New NYC COVID data shows "profound problem" with vaccination rate of Black residents

NEW YORK CITY (WABC) -- New data released by New York City shows a great disparity on how the vaccine has been distributed among different demographics.

On Sunday, the city broke down its COVID vaccination data by ethnicity, and the mayor says there is a "profound problem."

"We've got a profound problem of distrust and hesitancy particularly in communities of color," Mayor Bill de Blasio said. "We've got a problem of privilege, clearly, where folks who have been privileged to have been able to access the testing, in some ways with greater ease."
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On Sunday, the city broke down its COVID vaccination data by ethnicity, and the mayor says there is a "profound problem."

According to the data, New York City residents who have received vaccines so far breaks down as the following: 48% white, 15% Asian, 15% Latino and 11% Black.

"Ensuring equity among our communities is central to our city's recovery efforts. We want all of our communities to trust the vaccine's efficacy and have access to it," First Lady Chirlane McCray said.

However, some 40% of recipients did not provide racial data.

The mayor received swift backlash from several city officials following the announcement.

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"Our leaders have continually failed vulnerable communities throughout this pandemic - first in minimizing infection, now in maximizing injection," New York Cit Public Advocate Jumaane Williams. "The demographic data on vaccine distribution that the city finally released today after long delays confirms what we feared and expected - that the people and communities of more color, disproportionately harmed by the pandemic, have been disproportionately hindered in equitable access to vaccination."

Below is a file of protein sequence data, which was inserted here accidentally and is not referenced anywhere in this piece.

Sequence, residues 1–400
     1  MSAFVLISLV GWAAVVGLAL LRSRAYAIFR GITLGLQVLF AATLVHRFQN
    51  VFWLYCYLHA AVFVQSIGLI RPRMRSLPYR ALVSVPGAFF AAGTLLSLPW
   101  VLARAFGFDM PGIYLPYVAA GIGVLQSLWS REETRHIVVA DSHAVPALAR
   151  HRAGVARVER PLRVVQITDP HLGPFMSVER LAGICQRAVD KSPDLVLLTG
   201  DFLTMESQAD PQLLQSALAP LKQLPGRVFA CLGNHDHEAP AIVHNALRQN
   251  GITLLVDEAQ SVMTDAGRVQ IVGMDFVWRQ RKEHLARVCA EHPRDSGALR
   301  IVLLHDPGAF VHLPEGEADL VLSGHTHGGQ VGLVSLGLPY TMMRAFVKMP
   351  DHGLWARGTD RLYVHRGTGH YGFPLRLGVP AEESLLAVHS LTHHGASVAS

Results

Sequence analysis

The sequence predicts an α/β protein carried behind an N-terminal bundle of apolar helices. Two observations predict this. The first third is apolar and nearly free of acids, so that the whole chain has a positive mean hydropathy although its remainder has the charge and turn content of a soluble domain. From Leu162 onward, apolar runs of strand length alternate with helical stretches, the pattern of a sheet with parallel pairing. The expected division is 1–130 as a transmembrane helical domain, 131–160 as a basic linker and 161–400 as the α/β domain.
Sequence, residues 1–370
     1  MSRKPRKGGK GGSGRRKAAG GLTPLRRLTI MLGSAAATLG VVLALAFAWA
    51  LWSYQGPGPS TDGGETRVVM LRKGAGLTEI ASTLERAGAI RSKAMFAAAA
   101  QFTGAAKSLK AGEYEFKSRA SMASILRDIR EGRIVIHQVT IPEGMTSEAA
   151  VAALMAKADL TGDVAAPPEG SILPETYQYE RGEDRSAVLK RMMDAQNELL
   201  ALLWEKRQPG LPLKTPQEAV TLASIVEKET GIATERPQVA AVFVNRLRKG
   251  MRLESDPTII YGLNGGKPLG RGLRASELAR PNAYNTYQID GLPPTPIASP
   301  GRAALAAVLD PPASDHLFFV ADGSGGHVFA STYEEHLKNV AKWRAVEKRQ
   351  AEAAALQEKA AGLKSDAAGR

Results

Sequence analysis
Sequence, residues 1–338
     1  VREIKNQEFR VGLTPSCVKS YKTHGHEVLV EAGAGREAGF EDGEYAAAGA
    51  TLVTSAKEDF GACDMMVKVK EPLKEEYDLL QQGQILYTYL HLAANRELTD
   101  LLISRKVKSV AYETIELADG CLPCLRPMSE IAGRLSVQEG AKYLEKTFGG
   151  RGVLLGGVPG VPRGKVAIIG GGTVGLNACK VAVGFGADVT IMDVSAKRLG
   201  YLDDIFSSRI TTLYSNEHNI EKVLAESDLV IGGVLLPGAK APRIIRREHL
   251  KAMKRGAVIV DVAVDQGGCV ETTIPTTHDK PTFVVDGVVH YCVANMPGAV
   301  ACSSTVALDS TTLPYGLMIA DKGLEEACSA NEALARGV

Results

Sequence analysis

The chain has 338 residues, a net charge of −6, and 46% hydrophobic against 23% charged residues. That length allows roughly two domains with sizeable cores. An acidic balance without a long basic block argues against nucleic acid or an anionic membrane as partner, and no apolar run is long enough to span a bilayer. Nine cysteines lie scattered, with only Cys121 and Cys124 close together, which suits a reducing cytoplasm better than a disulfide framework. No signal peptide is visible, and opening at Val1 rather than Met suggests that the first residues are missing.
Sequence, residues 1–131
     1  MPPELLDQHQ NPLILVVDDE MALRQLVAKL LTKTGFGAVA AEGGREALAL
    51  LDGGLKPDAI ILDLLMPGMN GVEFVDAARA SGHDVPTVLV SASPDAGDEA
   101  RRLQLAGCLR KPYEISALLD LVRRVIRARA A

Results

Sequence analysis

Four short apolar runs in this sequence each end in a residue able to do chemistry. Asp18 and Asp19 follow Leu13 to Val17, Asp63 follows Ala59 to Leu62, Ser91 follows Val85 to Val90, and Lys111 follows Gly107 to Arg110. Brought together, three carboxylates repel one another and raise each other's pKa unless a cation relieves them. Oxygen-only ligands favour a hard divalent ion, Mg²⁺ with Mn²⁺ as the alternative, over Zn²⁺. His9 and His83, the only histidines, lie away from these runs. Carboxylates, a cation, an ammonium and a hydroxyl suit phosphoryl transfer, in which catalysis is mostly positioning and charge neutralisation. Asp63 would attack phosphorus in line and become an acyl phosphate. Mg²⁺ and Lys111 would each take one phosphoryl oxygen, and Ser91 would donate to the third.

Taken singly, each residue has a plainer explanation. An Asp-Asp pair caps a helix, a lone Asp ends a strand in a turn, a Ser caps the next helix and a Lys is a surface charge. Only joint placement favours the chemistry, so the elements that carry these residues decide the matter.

Andrew Yang, who recently announced his candidacy for mayor, also spoke out about the revelation.

"If anyone doubted the degree to which COVID-19 has not only proven, but exacerbated, the deep inequalities in our healthcare system, the latest data from DOHMH are a scathing indictment of how broken the system is.

To properly address the disparity, the mayor and the Taskforce on Racial Inclusion and Equity announced the next phase of its "Vaccine for All" effort.

The mayor is expanding priority zones from 27-33, and will look to broaden its outreach and education to address vaccine hesitancy, prioritize appointments, add new vaccine sites.

Some of the newly added zones are Williamsbridge, Baychester, Flatbush, Jackson Heights, East Elmhurst, Richmond Hill, South Ozone Park, Kew Gardens and Woodhaven.

In addition, the city will now be putting up the vaccine appointment application form in 10 languages. It was originally only in English and Spanish.

Governor Andrew Cuomo meanwhile says the state studied a controlled group made up of hospital workers, and that data too revealed the same issues.

"You have finding hesitancy among the Black community, higher than Latinos, higher than Asians, higher than whites," Cuomo said. "That's what we anticipated, that's why we are going to start an advertising campaign."

That plan however, will have to be put on hold for at least a day, as the mayor announced vaccine appointments will be rescheduled due to the impending snow storm.

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There will be no in-person learning for New York City schools Monday due to the incoming winter storm, Mayor Bill de Blasio announced Sunday.

"Last thing we want to do is to urge our seniors to come out in the middle of a storm like this," de Blasio said at a Sunday morning press conference. "It doesn't make sense."

According to Sunday's data, the city's 7-day COVID positivity rate is 8.34% and there were 254 new COVID patients reported as well as 4,533 new cases.

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